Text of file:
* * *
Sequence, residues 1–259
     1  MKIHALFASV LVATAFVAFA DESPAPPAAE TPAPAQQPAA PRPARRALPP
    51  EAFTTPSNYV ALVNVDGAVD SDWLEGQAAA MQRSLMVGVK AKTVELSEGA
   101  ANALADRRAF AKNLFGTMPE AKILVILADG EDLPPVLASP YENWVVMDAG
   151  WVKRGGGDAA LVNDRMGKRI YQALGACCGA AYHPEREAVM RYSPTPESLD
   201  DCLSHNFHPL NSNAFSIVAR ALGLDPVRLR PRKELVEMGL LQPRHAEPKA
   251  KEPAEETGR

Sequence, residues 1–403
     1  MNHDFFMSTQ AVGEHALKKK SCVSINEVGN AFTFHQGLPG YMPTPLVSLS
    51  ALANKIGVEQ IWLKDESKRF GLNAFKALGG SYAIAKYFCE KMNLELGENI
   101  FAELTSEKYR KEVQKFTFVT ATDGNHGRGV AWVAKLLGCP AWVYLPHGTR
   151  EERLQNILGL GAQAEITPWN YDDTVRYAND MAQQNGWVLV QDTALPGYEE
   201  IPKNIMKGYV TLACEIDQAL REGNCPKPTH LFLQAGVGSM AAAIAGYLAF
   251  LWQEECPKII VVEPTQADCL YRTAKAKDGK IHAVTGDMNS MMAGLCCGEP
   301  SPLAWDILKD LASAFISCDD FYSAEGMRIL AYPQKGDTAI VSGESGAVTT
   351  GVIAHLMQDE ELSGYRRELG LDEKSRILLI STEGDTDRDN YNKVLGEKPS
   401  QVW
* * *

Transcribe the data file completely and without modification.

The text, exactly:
Sequence, residues 1–259
     1  MKIHALFASV LVATAFVAFA DESPAPPAAE TPAPAQQPAA PRPARRALPP
    51  EAFTTPSNYV ALVNVDGAVD SDWLEGQAAA MQRSLMVGVK AKTVELSEGA
   101  ANALADRRAF AKNLFGTMPE AKILVILADG EDLPPVLASP YENWVVMDAG
   151  WVKRGGGDAA LVNDRMGKRI YQALGACCGA AYHPEREAVM RYSPTPESLD
   201  DCLSHNFHPL NSNAFSIVAR ALGLDPVRLR PRKELVEMGL LQPRHAEPKA
   251  KEPAEETGR

Sequence, residues 1–403
     1  MNHDFFMSTQ AVGEHALKKK SCVSINEVGN AFTFHQGLPG YMPTPLVSLS
    51  ALANKIGVEQ IWLKDESKRF GLNAFKALGG SYAIAKYFCE KMNLELGENI
   101  FAELTSEKYR KEVQKFTFVT ATDGNHGRGV AWVAKLLGCP AWVYLPHGTR
   151  EERLQNILGL GAQAEITPWN YDDTVRYAND MAQQNGWVLV QDTALPGYEE
   201  IPKNIMKGYV TLACEIDQAL REGNCPKPTH LFLQAGVGSM AAAIAGYLAF
   251  LWQEECPKII VVEPTQADCL YRTAKAKDGK IHAVTGDMNS MMAGLCCGEP
   301  SPLAWDILKD LASAFISCDD FYSAEGMRIL AYPQKGDTAI VSGESGAVTT
   351  GVIAHLMQDE ELSGYRRELG LDEKSRILLI STEGDTDRDN YNKVLGEKPS
   401  QVW